Having to create a mission for every faction often resulted in more than ridiculous missions.
In many cases, characters had to fetch random objects (like the tea set already mentioned in this thread) or hide "scrying devices" or "false evidence" at some rondom point in a dungeon, just because the scenario's plot didn't create much to actively advance the faction's goal.
I think, when a scenario happens to not deliver much to advance a faction goal, it's ok if members of that faction don't get a big advantage out of it.

As for the secondary success conditions vs. faction missions, the secondary success condition is mostly kept closer to the actual scenario. Also, it prevents "omniscient" faction heads from predicting everything that will happen.
For example, if the PCs' mission is to secure some diplomatic assistance at a local social event, there's no way the Venture-Captain would know someone is going to violently interrupt. But of course, it will be clear the PCs have to fight the intruder to save the day, which will grant them their 2nd PP.
The GM can do a lot of roleplaying work to make secondary success condition "visible" during the scenario. In the above example (RotGG), the GM should roleplay Ekkie as a harmless, frightened character that was forced into stealing by peer-pressure and doesn't really want to fight. Once it's clear this isn't a cold-blooded expert thief who'd murder anyone in his path, any non-evil character should think about questioning her instead of simply killing her. A character who will still kill that harmless, frightened goblin has good reason not to gain that PP.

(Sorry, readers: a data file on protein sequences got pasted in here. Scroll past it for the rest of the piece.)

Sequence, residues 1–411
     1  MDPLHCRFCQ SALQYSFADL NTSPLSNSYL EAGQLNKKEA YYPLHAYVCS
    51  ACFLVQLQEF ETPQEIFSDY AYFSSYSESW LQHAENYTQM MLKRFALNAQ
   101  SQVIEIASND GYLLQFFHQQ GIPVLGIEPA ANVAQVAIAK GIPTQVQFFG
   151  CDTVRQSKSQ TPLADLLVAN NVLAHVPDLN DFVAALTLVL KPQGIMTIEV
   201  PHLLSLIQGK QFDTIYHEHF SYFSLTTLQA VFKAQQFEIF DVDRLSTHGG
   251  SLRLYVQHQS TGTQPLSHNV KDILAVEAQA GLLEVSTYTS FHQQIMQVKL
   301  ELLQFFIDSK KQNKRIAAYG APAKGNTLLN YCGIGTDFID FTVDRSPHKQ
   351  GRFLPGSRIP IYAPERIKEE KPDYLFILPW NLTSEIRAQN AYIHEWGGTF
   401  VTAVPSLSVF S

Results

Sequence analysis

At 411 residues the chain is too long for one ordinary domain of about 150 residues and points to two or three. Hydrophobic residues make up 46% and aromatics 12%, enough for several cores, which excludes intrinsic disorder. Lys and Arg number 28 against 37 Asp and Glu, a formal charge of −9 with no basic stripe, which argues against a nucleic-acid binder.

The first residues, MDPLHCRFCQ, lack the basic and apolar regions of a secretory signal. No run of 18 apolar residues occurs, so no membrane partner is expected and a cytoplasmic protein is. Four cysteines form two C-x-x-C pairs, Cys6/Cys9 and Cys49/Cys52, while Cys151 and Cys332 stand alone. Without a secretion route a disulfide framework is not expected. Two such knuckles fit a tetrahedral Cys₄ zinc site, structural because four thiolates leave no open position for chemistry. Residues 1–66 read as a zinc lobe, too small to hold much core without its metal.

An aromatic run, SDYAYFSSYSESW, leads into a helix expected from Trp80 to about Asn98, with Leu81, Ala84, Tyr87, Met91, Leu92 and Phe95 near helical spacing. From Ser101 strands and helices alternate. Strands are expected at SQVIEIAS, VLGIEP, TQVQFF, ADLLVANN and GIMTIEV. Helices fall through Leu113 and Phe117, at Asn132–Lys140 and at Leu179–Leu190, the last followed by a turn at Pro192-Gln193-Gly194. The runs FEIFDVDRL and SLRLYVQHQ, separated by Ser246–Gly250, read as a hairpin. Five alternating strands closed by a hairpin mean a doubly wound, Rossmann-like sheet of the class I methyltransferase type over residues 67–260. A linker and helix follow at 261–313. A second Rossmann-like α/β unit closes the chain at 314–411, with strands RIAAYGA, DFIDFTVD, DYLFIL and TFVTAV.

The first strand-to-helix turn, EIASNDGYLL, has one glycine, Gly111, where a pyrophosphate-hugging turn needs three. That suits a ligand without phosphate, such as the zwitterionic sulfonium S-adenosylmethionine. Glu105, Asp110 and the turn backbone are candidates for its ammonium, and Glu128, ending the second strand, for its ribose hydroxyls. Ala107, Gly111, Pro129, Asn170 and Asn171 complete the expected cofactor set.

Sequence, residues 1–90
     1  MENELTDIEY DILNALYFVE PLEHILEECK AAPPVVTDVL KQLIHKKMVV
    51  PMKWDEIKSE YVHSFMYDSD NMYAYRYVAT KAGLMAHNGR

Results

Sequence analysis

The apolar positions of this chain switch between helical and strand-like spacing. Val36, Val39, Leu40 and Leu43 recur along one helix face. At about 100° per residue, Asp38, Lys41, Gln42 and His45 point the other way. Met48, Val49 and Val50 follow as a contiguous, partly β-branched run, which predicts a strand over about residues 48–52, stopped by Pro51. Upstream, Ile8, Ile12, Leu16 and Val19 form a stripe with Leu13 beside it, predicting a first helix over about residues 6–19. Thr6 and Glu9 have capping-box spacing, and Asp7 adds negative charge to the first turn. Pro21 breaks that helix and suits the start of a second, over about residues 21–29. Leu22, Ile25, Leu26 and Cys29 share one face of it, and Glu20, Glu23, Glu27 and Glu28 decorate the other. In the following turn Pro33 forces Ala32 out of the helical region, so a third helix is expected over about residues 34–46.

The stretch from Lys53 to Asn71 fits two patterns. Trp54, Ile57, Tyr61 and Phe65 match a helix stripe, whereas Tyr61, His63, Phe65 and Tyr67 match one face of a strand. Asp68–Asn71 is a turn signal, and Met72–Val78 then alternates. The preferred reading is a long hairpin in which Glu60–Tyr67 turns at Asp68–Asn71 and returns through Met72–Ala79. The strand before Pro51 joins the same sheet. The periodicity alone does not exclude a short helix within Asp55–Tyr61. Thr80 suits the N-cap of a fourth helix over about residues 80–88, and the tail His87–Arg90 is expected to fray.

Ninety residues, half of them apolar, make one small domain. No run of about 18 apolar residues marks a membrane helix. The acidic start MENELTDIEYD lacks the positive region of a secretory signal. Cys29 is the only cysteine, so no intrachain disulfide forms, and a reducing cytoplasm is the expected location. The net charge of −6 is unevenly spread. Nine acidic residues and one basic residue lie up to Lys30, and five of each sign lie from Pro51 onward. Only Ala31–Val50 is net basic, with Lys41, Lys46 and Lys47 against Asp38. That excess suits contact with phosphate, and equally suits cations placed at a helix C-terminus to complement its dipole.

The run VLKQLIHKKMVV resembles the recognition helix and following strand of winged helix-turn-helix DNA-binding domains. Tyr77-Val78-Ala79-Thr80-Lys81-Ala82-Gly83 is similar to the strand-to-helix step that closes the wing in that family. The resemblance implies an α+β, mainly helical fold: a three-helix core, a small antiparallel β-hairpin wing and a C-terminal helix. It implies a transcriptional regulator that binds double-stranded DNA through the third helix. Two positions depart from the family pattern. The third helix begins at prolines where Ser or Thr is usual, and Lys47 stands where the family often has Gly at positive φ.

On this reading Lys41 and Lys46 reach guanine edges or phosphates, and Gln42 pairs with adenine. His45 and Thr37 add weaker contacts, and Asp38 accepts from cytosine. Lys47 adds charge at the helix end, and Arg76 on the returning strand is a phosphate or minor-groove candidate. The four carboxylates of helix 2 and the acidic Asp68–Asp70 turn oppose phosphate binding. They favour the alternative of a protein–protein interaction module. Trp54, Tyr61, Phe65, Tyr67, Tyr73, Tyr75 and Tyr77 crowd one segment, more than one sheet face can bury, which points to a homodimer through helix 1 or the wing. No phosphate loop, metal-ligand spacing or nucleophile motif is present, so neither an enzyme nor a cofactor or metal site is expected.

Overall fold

Sovereign Court

Eirikrautha wrote:

I don't like the attitude that "It's just one prestige point." Missing these can be the difference between raising a 5th level character from the dead and permanently losing an 8th level character due to lack of prestige (if you missed all of your 2nd points). Especially since those points are no longer explicit and are subject to the stupidity of all of your table-mates.

Tell me what I need to do, or give the GM the option to reward me for something clever, inventive, or especially Pathfinder-like. But don't tell me I've lost out on purchasing power and the ability to rez my character because I wasn't psychic enough to guess the "secret mission"...

It has been stated several times in the past by Paizo staff that you are not (and never have been) assumed to get 100% of your possible prestige. The target is about 75%. Individual faction missions missed the mark and now people assume they should be getting every point every time. I'm sorry, but not getting prestige should not stop a character's advancement nor their ability to be raised from the dead. That's what gold is for.

That said, going from faction missions to secondary success conditions is a very good step. It removes the polarization of different factions so everyone is under one group:the Pathfinder Society. Factions are still important, but at least now our characters are Pathfinders first.

Plus, as mentioned, it keeps PCs a little more on track. Case in point: